WHO has recently changed its policy governing malaria control and now endorses use of indoor residual spraying of insecticides (IRS) as a primary means of malaria control, to include use of DDT. Additionally the US Agency for International Development has changed its policy on use of IRS and DDT funding countries to use DDT. Presently DDT use in the South African Malaria control program is showing amazing results. Dramatic reductions in their malaria cases are being recorded and maintained. Many countries in Africa have reinstated the use of indoor spraying with DDT as the mainstay of their anti-malaria programs. These enormous changes in policy should not be ignored by the Nigerian Health Ministry. We expect our country to show leadership in the use of DDT in responding to malaria.

As we reposition to achieve the Millennium development Goals, I take us back to Mr. Sachs book were he says that “there are certain places on the planet that, because of various circumstances—geographical isolation, burden of disease, climate, or soil—these countries just can’t quite get started. So it’s a matter of helping them get started, whether to grow more food or to fight malaria or to handle recurring droughts. Then, once they’re on the first rung of the ladder of development, they’ll start climbing just like the rest of the world”. I suggest Nigeria is NOT one of those places. We have what it takes…but we need the will. In 2006 the WHO gave the country $180 Million in interest free loans to fund malaria programmes.

Non of this was for DDT….hopefully this will change

Never doubt that a small group of thoughtful committed people can change the world; indeed it is the only thing that ever has…Margaret Mead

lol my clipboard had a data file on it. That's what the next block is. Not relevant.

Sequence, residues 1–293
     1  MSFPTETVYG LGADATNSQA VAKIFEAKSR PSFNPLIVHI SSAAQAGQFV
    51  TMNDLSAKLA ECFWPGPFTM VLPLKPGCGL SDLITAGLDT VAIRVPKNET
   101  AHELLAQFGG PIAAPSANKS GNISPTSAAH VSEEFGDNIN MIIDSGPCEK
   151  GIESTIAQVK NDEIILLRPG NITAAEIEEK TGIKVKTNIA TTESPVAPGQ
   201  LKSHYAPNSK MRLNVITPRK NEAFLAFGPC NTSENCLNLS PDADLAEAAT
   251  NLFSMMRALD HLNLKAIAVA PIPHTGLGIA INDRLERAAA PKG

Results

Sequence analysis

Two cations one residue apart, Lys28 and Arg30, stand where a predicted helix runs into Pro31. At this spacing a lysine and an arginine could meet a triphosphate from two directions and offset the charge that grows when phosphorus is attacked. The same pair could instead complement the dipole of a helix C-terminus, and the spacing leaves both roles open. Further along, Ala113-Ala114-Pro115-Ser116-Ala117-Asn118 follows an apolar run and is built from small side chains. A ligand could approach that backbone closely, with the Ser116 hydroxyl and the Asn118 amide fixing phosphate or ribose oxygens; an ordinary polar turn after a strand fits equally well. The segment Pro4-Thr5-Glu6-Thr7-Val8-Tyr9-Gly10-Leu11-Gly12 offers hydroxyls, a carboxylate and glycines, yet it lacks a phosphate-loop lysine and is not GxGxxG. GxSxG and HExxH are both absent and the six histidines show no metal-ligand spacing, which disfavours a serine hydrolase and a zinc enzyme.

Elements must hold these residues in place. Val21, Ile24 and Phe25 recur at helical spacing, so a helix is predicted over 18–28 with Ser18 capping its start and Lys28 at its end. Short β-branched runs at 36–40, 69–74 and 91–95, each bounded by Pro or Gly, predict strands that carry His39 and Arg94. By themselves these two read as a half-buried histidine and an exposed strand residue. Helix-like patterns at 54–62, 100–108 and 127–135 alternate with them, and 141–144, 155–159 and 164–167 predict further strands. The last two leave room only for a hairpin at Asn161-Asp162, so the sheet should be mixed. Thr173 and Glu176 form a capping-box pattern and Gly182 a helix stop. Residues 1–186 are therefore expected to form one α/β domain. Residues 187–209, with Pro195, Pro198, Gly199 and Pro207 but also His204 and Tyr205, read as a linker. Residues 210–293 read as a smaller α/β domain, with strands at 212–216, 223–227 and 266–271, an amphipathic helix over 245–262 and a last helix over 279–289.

3 replies on “DDT and Malaria: Back to the Basics II”

The roundabout to DDT. As they say in Nigeria, we are back to square one. This was after governments in South Africa took their fate into their own hands. The issue of malaria makes me wonder, do we have one world, really? While Google is talking about digitizing healthcare (see post in my blog), we are still grappling with problems of the 60s and 50s. Irrespective of what the priorities are for WHO, UNICEF and other international health bodies, I think Nigeria should sit up and address its problems as a nation for once. The citizens are interested, they are skilled and maintain prestigious positions all over the world. What remains is a seriousness of effort on the part of the leadership.
M.Osita Nwaneri

My dear doctors:

The problems with Nigeria, as with all human societies, are primarily philosophical. The solution lies in the cultural acceptance of the proper philosophical ideas. The articles below shed light on how the wrong philosophical ideas helped kill millions people in Africa who could have been saved by the use of DDT.

I recommend reading Ayn Rand’s “Atlas Shrugged” as a gateway into how to go about solving Nigeria’s problems.

I wish you the best of luck in your crusade.

A fellow Nigerian.


Reject Environmentalism, Not DDT

Silent Spring Revisited: Rachel Carson’s Environmentalist Diatribe vs. Science

Global Warming vs. Science